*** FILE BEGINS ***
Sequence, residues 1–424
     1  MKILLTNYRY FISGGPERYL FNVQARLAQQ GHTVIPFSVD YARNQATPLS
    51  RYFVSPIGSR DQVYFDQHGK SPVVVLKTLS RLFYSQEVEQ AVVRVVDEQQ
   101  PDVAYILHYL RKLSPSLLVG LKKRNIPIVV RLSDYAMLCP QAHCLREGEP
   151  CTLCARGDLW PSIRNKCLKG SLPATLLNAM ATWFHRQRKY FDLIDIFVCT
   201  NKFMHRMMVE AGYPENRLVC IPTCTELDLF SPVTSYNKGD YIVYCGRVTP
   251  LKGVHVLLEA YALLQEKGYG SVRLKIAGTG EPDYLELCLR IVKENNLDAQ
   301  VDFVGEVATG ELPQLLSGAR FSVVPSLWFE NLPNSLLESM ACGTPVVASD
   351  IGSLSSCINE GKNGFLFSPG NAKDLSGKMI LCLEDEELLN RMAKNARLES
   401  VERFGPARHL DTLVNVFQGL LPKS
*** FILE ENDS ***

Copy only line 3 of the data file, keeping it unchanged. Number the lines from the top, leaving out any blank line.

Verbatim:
    51  RYFVSPIGSR DQVYFDQHGK SPVVVLKTLS RLFYSQEVEQ AVVRVVDEQQ